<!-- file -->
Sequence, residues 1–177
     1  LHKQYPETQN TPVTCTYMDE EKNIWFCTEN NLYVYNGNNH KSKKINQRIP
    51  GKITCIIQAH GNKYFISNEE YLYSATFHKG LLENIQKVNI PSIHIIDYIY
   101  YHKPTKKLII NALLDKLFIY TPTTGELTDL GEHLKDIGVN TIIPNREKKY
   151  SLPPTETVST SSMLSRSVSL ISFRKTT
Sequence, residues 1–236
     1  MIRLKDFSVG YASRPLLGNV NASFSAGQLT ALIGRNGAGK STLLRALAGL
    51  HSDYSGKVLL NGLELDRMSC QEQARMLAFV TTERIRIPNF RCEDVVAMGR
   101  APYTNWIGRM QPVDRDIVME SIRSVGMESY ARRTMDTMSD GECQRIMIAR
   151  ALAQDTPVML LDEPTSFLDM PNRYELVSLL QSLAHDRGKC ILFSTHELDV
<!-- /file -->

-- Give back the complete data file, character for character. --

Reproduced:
Sequence, residues 1–177
     1  LHKQYPETQN TPVTCTYMDE EKNIWFCTEN NLYVYNGNNH KSKKINQRIP
    51  GKITCIIQAH GNKYFISNEE YLYSATFHKG LLENIQKVNI PSIHIIDYIY
   101  YHKPTKKLII NALLDKLFIY TPTTGELTDL GEHLKDIGVN TIIPNREKKY
   151  SLPPTETVST SSMLSRSVSL ISFRKTT
Sequence, residues 1–236
     1  MIRLKDFSVG YASRPLLGNV NASFSAGQLT ALIGRNGAGK STLLRALAGL
    51  HSDYSGKVLL NGLELDRMSC QEQARMLAFV TTERIRIPNF RCEDVVAMGR
   101  APYTNWIGRM QPVDRDIVME SIRSVGMESY ARRTMDTMSD GECQRIMIAR
   151  ALAQDTPVML LDEPTSFLDM PNRYELVSLL QSLAHDRGKC ILFSTHELDV